• Open Access

Short telomeres: cause or consequence of aging?


  • Peter J. Hornsby

    1. Department of Physiology and Sam and Ann Barshop Institute for Longevity and Aging Studies, University of Texas Health Science Center at San Antonio, San Antonio, TX 78245, USA
    Search for more papers by this author

Peter J. Hornsby, Department of Physiology and Sam and Ann Barshop Institute for Longevity and Aging Studies, University of Texas Health Science Center at San Antonio, San Antonio, TX 78245, USA. Tel.: 210 562 5080; fax: 281 582 3538; e-mail: hornsby@uthscsa.edu


Questions about mechanisms, about the direction of causality, and about cellular heterogeneity complicate interpretation of claims associating short telomeres with adverse health outcomes.

The findings of Cherkas et al. raise a key question: are short telomeres, as evidenced by short telomeres in white blood cells, a cause of biological aging or a harmless by-product of age-related processes?

The relatively short length of human telomeres (compared to those of many other mammals) appears to form part of an anticancer mechanism. Cancer cells that cannot call upon telomerase to maintain their telomeres over multiple rounds of division have a limited growth potential, and such a tumor can only reach a size, perhaps 1–2 g, big enough to kill a mouse but small in the context of the human body (Sun et al., 2005). Some have argued that short telomeres lead, in old age, to tissue malfunctions, the price we as a species pay for anticancer protection at younger ages (Campisi, 2003). But is there any direct evidence that short telomeres in tissues do cause functional impairments? Mice engineered to have shorter telomeres exhibit abnormalities of gut, skin, and blood cells (Blasco, 2005), demonstrating that sufficiently short telomeres can have an adverse impact on tissue function. Experiments in mice, however, cannot show whether telomeres ever reach a length that impairs proliferation in any tissue in humans during a normal lifespan. Telomere shortening certainly occurs in aging humans, in cell types including smooth muscle cells, endothelial cells, lens epithelial cells, muscle satellite cells, T cells and adrenocortical cells, but there is in fact little evidence that impaired proliferation contributes to commonly observed changes in older individuals such as anemia and impaired wound healing (Hornsby, 2001). Studies of human bone marrow-transplant recipients provide some insights here: the hematopoietic system of these patients can exhibit dramatic telomere shortening (Wynn et al., 1998), perhaps contributing to the immune dysfunction often seen in this clinical setting (Lewis et al., 2004).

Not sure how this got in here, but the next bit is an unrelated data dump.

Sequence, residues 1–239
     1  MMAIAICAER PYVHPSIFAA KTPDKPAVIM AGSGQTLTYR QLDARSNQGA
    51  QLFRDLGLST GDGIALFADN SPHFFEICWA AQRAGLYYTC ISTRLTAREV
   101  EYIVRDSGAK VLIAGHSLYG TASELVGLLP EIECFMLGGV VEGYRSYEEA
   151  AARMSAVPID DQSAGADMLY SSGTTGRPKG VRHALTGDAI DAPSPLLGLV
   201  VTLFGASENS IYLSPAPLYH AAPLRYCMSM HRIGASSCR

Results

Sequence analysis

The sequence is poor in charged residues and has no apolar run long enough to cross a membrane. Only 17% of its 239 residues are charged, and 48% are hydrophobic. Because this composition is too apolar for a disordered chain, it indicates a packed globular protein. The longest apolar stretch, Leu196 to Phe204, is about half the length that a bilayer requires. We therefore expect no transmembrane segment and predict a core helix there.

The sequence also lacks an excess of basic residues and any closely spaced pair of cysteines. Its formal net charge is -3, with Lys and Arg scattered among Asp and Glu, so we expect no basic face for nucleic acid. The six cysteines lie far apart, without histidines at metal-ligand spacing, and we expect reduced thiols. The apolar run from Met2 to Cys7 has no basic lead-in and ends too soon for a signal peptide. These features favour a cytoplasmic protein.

In view of the available information, how do we interpret epidemiological studies that relate telomere length (in white blood cells) to various measures of survival, health or, in this case, socio-economic status? Cherkas et al. conclude that ‘in and of itself, socio-economic status appears to have an impact on white blood cell telomere dynamics’. A previous study on mothers of chronically ill children concluded that ‘psychological stress is associated with indicators of accelerated cellular aging [including] telomere length’ (Epel et al., 2004). Both of those studies suggest an influence of perceived psychological status on telomere length. An issue that immediately arises here is the multiple uses of the word ‘stress’ in biology, medicine, and psychology. Psychological stress does not necessarily cause stress at the cellular/molecular level. One plausible link is the endocrine system (Cohen et al., 2006). Possibly, differences in telomere length in individuals of differing socio-economic status result from the actions of hormones such as glucocorticoids on cell death and cell proliferation in the hematopoietic system.

We are still left with the central question of whether the shorter telomeres in individuals of lower socio-economic status have an adverse effect on health or mortality. Might short telomeres be only an age-associated but benign or inconsequential marker, like graying of the hair or senile lentigenes of the skin? These age-related changes do result from profound alterations in melanocytes, including melanocyte stem cells (Nishimura et al., 2005), but do not cause age-related morbidity or mortality. There are at three least major questions that need to be answered. First, we need to know what telomere length in human tissues is associated with functional impairment. Second, because of the great heterogeneity in telomere lengths between cells and between different telomeres within cells, we need to know if there could be impairment of subsets of cells, even if there is no measurable deficit in the cell population as a whole. Third, we do not know if telomere length in white blood cells correlates with telomere length in other tissues. Gaining access to appropriate tissue samples to test this is problematic. This is a chicken-and-egg type of question: What is the critical cell population that might be most important to study in terms of telomere shortening? However, if we knew which cells to examine then it is likely that we would already have the answer to the question of the significance of telomere shortening in human aging.